Seek the Kingdom of God above all else, and live righteously, and he will give you everything you need. Matthew 6:33 (NLT)
I’m steeped in 3rd century church history right now and learning how monasteries got started. I’ve always found this simple life of devotion appealing. Had I been Catholic, I’d have considered becoming a nun. My brother still teases that I could be Amish, and I admit being attracted to their lifestyle.
Surprisingly, this highly devoted lifestyle started because Christianity was legalized. When worshiping God was illegal, every Christian was highly devoted because identifying with Christianity was socially and physically costly. Anyone refusing to worship the plethora of cultural gods was odd and sometimes faced arrest, torture and death.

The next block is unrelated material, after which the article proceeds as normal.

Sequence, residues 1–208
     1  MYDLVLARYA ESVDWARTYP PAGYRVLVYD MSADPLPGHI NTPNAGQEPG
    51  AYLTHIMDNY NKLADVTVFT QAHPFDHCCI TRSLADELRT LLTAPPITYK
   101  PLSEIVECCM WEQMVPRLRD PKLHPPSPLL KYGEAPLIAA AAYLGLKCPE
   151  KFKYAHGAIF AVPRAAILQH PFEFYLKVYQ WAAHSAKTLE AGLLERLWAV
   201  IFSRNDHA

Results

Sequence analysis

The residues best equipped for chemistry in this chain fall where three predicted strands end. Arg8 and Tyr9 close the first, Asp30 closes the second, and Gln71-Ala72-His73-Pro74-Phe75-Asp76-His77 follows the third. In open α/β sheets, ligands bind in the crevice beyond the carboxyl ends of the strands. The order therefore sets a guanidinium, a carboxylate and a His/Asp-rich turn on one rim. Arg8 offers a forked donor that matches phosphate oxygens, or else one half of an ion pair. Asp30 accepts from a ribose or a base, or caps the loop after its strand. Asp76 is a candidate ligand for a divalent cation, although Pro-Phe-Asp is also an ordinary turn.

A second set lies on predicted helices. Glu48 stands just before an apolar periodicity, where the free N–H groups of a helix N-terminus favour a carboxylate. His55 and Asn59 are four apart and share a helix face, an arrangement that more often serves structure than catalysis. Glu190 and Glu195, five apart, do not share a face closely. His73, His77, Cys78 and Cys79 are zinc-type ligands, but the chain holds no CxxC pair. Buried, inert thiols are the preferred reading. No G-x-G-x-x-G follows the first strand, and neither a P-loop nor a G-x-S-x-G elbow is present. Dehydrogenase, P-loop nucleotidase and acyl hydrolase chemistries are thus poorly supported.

Bigger is not better
When Emperor Constantine favored Christianity over pagan religions, Christianity became popular. The increased numbers meant decreased commitment to faith. New believers often blended their old practices with Christianity. So those who wanted a deeper connection with God separated themselves from the watered down, tolerant, popularized Christianity to focus their attention on devotion and service.
Is stepping away from the hubbub of daily life necessary for deep connection?
Is commitment greater when there’s a cost or consequence?
It’s impossible to measure the depth of spirituality in today’s world. However, I notice my own struggle to balance the pace of everyday life with my devotion to God. Sunday commitments keep me from worship. My schedule doesn’t permit space for consistent prayer and contemplation. I yearn for and recognize the benefit of spiritual retreats specifically designed to focus on faith.
How can we balance the demands of modern society and stay attuned to God?
Prioritizing concerns that are important to God ensures a day in the Kingdom.(tweet this)